Wednesday, September 23, 2009

On Notation, KARMA, Sequencers and Tangerine Dream

I could not think of a better title for this blog so I thought I would simply list all of the topics I hope I can bring together here in some synthetic whole. Today, I simply will introduce the topic and then edit and add to this entry as time permits.

By introduction, think of this. Most who probably read my blog are familiar with the electronic artist, "Tangerine Dream" whose music literally spans decades. They have appeared hundreds of times in performance, their albums are prolific to say the least and there music appears in many movie soundtracks. But my point here is not to plug their music, but to ask this. Would it be possible to create sheet music (i..e. traditional musical notation) for Tangerine Dream or for that matter much of electronic music? My answer is simply no. Not in any way that would convey the content.

In classical music, there is a very clear dividing line between performance (of the individual musician), conducting, and composition. The work of most composers, at least up to the 20th century, can be expressed in traditional music notation. However, both the musicians and the conductor add to that and interpret, or perhaps add, to the vision of the composer. Instruments, while varied, are also limited in types and in timbre. A trumpet, while capable of a wide variety of sounds, will always sound like a trumpet, a violin like a violin and so on. Synthesizers, on the other hand, are in many ways so much more expansive in what they can sound like but on the performance side, I would also argue more limited.

What fascinates me about Tangerine Dream, is how they use both sequencers and and performance aspects and blend them together into some striking and beautiful music works and yet, the line between performance, composition and conducting, is now blurred and the ability to create musical notation, all but eliminated save what might appear embedded in a sequencer.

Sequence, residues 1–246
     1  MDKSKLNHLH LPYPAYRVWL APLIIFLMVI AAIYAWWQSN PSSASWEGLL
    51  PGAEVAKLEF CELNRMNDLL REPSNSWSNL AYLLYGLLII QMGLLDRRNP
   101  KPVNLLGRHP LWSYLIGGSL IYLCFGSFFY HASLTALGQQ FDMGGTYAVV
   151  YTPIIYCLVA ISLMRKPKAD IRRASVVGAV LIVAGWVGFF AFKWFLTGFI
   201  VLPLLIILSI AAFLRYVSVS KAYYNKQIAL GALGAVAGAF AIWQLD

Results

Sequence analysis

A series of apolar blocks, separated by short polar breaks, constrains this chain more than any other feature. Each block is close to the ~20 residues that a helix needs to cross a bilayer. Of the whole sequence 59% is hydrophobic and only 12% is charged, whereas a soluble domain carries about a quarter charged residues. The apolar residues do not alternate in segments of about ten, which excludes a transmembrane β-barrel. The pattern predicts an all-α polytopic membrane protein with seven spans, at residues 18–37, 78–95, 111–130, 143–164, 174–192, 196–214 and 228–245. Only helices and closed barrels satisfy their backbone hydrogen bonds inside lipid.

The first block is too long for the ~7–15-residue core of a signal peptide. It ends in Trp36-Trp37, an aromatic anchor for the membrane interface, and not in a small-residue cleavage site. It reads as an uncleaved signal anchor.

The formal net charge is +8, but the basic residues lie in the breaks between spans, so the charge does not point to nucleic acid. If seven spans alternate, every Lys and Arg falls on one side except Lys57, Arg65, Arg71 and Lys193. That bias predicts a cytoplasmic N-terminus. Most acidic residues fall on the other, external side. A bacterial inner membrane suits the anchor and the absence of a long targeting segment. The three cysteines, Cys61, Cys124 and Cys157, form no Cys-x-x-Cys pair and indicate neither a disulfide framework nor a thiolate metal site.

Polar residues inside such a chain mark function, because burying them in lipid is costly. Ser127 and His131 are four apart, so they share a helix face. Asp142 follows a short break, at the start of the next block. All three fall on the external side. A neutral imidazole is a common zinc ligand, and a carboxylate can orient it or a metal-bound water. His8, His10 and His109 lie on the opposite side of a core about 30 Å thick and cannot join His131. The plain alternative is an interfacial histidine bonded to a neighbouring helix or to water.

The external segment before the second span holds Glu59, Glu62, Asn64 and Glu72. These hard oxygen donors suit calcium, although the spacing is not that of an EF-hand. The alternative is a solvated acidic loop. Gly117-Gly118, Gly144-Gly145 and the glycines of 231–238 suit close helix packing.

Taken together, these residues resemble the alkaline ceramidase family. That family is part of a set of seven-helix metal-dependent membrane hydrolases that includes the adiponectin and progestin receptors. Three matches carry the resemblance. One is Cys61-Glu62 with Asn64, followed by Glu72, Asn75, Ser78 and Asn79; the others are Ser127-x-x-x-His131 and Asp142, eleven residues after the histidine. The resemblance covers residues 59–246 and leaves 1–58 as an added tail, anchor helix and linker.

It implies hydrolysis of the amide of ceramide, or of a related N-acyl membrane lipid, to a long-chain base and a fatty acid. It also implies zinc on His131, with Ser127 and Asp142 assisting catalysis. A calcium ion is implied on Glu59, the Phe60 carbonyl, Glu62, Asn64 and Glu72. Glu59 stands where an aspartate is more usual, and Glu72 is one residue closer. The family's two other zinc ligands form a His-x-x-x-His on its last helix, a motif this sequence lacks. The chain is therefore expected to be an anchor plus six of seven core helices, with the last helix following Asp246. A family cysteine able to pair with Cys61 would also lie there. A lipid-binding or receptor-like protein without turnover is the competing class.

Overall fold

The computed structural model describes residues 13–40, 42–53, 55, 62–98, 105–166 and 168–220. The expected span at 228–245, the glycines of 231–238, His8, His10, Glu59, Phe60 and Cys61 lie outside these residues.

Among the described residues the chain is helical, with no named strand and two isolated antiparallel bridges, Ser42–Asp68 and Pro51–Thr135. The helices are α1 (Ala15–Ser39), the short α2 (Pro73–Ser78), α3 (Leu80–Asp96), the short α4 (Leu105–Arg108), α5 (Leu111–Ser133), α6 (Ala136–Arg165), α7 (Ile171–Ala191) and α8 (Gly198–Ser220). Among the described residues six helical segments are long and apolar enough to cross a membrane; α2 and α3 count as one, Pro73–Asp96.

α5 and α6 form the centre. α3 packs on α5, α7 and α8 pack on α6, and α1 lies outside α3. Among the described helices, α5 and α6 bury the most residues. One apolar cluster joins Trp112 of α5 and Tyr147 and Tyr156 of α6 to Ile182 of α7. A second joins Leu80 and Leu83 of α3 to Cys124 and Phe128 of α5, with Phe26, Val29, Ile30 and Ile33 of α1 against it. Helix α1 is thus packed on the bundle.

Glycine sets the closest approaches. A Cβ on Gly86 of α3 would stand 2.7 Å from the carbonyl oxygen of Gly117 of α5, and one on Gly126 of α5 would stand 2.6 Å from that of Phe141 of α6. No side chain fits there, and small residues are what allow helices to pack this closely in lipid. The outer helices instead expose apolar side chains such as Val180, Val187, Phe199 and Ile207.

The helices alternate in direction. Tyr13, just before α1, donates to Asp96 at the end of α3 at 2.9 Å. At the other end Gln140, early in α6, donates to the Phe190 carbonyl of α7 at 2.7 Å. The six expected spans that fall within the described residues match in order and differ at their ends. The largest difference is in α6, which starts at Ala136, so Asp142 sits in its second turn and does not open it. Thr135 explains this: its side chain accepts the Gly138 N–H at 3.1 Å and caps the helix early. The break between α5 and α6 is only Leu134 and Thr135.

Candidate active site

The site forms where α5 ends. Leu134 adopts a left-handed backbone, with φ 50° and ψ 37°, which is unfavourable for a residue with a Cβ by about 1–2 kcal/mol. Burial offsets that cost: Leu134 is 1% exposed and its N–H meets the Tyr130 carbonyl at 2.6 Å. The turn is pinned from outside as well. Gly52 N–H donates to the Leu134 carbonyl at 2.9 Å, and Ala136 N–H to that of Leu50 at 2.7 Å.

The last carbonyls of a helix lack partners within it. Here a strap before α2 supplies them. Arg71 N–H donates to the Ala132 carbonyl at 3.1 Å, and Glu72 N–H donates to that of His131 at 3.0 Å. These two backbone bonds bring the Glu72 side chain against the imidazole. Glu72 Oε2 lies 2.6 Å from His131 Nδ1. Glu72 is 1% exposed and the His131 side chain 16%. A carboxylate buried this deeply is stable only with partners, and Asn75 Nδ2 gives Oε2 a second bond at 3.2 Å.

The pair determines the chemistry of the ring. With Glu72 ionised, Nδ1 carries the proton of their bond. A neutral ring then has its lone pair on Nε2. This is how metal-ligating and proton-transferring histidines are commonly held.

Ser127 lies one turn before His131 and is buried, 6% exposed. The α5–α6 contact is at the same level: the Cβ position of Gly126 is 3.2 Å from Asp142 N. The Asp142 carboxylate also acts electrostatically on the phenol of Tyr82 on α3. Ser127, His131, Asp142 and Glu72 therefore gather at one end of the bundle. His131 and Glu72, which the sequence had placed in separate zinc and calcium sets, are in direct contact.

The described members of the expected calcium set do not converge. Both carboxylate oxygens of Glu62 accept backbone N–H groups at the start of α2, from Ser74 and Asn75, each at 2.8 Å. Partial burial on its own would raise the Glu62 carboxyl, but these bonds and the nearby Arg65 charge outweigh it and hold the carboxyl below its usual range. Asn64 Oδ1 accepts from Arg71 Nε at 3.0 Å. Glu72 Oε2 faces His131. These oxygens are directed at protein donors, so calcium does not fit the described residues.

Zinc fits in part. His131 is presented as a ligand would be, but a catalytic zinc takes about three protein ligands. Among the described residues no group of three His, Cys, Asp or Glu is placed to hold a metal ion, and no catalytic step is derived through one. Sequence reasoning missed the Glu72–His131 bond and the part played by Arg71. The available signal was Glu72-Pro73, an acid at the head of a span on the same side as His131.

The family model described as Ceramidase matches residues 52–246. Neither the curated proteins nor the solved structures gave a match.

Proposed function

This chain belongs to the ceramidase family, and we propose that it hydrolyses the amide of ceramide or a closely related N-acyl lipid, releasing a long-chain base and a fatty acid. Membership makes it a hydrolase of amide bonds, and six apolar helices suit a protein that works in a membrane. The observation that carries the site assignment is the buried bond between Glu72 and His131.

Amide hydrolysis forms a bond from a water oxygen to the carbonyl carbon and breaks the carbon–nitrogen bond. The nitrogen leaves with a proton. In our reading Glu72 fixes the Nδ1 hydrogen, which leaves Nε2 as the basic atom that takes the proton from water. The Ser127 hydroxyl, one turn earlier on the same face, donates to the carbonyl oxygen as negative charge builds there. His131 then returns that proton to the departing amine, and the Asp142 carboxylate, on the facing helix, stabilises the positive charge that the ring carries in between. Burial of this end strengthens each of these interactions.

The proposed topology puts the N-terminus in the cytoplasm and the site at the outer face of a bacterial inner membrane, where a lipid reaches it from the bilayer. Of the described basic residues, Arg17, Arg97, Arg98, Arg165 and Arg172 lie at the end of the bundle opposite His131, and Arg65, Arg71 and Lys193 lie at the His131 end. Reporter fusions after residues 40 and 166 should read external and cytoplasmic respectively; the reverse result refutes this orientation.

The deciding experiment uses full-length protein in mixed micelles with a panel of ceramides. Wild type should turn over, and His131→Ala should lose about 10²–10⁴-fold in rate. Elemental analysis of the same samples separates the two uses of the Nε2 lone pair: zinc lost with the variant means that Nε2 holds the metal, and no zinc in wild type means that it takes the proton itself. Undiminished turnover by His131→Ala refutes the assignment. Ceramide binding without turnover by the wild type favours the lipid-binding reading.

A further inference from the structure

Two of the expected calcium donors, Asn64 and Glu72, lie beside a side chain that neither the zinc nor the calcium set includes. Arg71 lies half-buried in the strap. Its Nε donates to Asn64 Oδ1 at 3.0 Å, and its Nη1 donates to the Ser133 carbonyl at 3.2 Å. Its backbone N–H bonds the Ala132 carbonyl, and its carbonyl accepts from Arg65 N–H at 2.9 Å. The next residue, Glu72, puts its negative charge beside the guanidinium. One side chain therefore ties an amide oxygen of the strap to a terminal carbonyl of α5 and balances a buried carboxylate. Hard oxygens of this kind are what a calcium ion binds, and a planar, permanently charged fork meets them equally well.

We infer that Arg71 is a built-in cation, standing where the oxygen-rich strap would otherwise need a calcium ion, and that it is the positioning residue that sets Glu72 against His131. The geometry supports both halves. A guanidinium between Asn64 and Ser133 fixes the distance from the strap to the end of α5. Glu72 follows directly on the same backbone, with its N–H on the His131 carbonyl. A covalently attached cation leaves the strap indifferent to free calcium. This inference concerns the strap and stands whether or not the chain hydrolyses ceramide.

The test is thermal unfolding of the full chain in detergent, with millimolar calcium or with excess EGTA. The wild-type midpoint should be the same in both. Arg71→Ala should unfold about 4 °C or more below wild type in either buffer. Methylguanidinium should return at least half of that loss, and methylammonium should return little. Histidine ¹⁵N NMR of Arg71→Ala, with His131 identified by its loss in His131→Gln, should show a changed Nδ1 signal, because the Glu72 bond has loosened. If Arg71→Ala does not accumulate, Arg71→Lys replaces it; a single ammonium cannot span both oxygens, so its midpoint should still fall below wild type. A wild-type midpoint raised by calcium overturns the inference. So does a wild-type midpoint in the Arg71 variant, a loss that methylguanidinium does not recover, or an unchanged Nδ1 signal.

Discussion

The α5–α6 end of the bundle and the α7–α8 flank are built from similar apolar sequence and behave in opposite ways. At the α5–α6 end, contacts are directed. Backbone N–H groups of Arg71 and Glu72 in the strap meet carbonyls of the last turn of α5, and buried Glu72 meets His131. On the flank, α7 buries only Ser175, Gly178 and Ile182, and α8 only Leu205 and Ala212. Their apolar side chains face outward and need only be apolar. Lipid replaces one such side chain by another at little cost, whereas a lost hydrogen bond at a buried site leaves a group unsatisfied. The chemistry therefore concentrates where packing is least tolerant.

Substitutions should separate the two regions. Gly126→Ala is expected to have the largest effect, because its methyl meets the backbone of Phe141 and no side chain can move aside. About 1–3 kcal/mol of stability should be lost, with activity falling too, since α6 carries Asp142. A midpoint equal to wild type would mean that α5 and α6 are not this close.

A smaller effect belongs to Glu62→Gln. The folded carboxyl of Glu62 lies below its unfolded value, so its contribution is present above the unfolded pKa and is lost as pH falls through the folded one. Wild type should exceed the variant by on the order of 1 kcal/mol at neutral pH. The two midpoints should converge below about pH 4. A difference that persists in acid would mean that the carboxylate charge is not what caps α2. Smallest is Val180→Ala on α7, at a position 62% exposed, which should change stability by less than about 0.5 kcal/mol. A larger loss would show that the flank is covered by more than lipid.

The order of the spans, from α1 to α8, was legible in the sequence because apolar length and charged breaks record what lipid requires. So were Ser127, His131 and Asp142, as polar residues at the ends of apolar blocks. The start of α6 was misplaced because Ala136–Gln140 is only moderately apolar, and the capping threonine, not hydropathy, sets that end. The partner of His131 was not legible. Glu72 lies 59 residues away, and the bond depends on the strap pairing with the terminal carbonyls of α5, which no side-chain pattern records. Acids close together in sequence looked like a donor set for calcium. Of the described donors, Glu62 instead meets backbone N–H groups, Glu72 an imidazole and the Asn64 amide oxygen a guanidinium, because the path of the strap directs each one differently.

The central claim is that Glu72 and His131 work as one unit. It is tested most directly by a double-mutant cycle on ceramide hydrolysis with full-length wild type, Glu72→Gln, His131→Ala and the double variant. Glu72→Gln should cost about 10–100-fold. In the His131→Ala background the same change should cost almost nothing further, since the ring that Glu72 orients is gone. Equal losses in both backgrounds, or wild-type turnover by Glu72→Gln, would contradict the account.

In 20th century electronic music, algorithmic composition has also opened up a whole new avenue, music that is allowed in some sense to create itself with composition left up to certain rules and to chance and the aorist becoming not performer but conductor. Again, lines are blurred.

In Tangerine Dream, we have sequences which can be rather boring but by varying them, Tangerine Dream creates a flowing fabric of sound that is captivating. This is where I get to KARMA. For those who may not know, KARMA stands for Korg Algorithmic Real time Music Architecture. KARMA, by the very words of Stephen Kay, it's designer, is a "sequencer on steroids" and yet, I believe that that is a very modest statement. KARMA resembles a sequencer and an algorithmic composition tool but it is neither. What I am currently interesting in doing in my own musical projects at the moment, is looking for ways to join KARMA and analogue synthesis. This blog is in some sense my musings and thoughts on this and I hope, a means of getting some feedback from others. That's all for now and I hope, a means of introduction to what is a complex topic.

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